While in Africa I used an Epson P-4000 device to store photos while shooting on safari. This device was very popular with other photographers in the group, with over half of the participants having their own P-4000. With an MSRP of $699, this is not an inexpensive device.
I shoot only RAW images and I use a Canon 1DS mk II (16 mp) and a Canon 5D (12 mp). As a result, file sizes for my photos are large, averaging ~16MB.
Overall, I am not impressed with the performance of the P-4000. The P-4000 system performance was very sluggish, file navigation and opening images took way too long and made using the device inconvenient for anything other than simple file storage.
Battery performance was the worst part. I could only get about 10GB of data transferred to the P-4000 before I would run out of battery. This meant that I could only backup one cardfile before I need to recharge the P-4000. With such poor battery performance, the P-4000 cannot be your only storage source for an extended shooting trip - you are going to need to recharge it more often than you need to re-charge your camera. With that being the case, I much rather carry a laptop than a P-4000 device.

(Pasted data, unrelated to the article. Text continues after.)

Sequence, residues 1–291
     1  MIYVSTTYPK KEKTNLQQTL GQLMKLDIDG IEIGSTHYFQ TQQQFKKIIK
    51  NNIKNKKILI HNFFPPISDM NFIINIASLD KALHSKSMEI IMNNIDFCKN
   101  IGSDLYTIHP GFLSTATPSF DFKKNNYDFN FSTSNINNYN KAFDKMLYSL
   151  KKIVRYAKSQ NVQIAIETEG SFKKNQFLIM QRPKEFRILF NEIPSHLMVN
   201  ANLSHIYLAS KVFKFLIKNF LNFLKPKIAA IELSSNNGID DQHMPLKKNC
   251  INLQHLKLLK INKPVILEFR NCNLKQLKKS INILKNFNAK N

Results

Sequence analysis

With the slow operating performance and the poor battery life, the P-4000 was relegated to a dumb storage device with nothing more than an 80GB HD for storage purposes.
Maybe the Epson does better when used with P&S digital cameras whose files are small in size and not in RAW format. But for the price, I can hardly see a casual P&S user purchasing a P-4000. As it stands, I would not recommend a P-4000 to anyone.
There is a newer Epson P-4500 available in Japan right now, it promises better battery performance and faster operation. Based on my current experience, I am not likely to give the P-4500 a chance.